2009, 3 minutes
A tense psychological drama, depicts the emotional and sexual bonds between two Palestinian women.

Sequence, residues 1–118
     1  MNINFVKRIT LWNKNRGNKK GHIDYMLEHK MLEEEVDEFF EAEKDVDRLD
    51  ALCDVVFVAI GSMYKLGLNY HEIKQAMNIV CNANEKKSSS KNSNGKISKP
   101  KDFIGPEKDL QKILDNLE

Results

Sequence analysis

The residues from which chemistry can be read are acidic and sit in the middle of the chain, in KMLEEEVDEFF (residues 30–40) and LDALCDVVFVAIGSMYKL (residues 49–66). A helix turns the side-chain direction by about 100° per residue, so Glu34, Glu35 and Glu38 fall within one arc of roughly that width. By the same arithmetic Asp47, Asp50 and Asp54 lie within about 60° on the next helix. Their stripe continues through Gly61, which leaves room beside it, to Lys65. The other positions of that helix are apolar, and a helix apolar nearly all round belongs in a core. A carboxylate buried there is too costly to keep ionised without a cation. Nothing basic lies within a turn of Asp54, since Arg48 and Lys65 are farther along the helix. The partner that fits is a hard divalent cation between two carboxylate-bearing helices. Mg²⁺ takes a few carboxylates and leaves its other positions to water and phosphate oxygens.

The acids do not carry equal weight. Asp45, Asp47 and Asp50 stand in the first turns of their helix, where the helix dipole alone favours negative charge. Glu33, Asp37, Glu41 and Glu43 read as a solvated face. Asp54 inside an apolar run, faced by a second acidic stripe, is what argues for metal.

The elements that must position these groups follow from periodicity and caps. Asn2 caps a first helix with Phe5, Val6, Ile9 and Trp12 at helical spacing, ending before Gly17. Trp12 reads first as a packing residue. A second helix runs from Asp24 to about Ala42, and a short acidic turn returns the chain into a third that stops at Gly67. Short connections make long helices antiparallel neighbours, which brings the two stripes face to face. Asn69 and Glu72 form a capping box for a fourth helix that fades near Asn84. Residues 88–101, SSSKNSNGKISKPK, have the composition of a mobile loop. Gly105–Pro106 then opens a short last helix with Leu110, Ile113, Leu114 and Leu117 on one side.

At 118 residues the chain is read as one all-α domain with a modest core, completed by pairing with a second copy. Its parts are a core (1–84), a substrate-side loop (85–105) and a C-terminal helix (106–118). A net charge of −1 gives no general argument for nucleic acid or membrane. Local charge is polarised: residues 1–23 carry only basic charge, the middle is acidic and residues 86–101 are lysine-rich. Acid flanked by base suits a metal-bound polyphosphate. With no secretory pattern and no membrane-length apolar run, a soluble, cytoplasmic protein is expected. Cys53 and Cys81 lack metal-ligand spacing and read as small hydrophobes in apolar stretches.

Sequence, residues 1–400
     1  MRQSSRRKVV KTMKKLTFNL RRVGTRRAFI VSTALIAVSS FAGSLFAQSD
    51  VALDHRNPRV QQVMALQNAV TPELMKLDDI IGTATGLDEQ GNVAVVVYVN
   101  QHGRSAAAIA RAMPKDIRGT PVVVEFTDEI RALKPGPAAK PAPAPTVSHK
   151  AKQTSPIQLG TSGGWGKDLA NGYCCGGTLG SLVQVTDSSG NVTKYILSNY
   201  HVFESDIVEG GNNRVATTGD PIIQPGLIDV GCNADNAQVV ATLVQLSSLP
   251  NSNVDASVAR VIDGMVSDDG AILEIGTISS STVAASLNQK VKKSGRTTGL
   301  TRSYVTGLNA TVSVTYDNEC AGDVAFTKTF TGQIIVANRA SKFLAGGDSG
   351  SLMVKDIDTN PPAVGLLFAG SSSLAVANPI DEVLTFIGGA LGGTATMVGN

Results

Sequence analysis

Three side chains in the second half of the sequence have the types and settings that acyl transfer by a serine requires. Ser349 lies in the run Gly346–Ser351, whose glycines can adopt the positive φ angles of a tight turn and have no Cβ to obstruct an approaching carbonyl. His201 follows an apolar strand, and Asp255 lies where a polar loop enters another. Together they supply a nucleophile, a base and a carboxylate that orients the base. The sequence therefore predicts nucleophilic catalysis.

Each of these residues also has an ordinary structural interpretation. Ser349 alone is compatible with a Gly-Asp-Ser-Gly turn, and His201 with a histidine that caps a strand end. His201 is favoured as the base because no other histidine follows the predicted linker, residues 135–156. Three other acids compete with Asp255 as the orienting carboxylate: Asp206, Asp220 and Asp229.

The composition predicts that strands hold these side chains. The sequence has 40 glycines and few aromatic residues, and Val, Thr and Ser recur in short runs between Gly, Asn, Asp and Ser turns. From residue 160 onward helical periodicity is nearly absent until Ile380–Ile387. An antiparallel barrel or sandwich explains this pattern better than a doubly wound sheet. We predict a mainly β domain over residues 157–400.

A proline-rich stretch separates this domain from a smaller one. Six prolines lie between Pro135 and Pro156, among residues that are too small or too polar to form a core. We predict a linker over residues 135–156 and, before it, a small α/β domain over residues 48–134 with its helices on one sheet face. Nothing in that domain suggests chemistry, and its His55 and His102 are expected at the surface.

Have you ever experienced an event in your past that was so painful you modified its memory? Have you ever shut out the past? Lipstikka is a story about memory. A tense psychological drama, depicts the emotional and sexual bonds between two Palestinian women who try to escape the memory of their troubled past. But unable to bury their scars, the two will finally need to uncover truths beyond masked lies, altered memories and dormant emotions. The film carefully addresses contemporary issues such as race, sexuality, politics and love. At its core there is a strong human relationship story between two women with universal themes. The story begins in Ramallah. The Palestinian Uprising. The first Intifada. There’s violence. There’s conflict. Arabs hate Jews. Jews hate Arabs. And in the midst of it are two Palestinian Girls who are trying to get on with their life. Inam, vibrant, sexy, and Christian. Lara, shy, demure, and Muslim. And between them an adolescent attraction bordering on infatuation. It’s Lara’s birthday and they’re determined to see a movie. They break the curfew. They catch an illegal taxi to the outskirts of East Jerusalem. They cross through Jerusalem and over some rocky ground, secretly, into West Jerusalem. They sneak into a movie theatre. They see two Israeli soldiers, and the soldiers see them. Something happens. Years later Lara is now living in England and married to an English husband. She sees her husband off to work and is about to get her son ready for school when there’s a knock at the door. It’s Inam. It’s as if they haven’t seen each other for years but there’s tension between them, even danger. We don’t know why. The why is is told by way of sequential leaps between past and present, mercilessly revealing tender layers of the two women’s personalities and their different interpretations of the past. The screenplay is structured in a fragmented but ultimately cohesive suspenseful style. Through strong performances we are taken on an emotional journey through memory and time. Inam and Lara have a very strong bond. But they’re very different. They share a passion borne out of their shared experiences in Ramallah. They remain close friends amid remarkable and destructive events in their homeland, but away from Ramallah, in England, dramatic challenges push their journeys onto very different paths. Why is it that their friendship does not endure? Many immigrants bring with them their emotional scars that we never see or they’re never allowed to let go. Inam and Lara’s scars reveal different interpretations of the same reality to form a compelling assembly of a human puzzle. And how does it end? Inam forces Lara into reconciliation and in so doing overcomes a deep seated resentment about a devastating betrayal. Starting over comes with a price. Their past is not something they can escape so easily, no matter how deep they bury it into their subconscious. The present can seem like a very dark place when the past will not disappear. For many people memories, as unsubstantiated by reality as they may be, are the only grip they have on their own validity. Apparently, we are what we remember.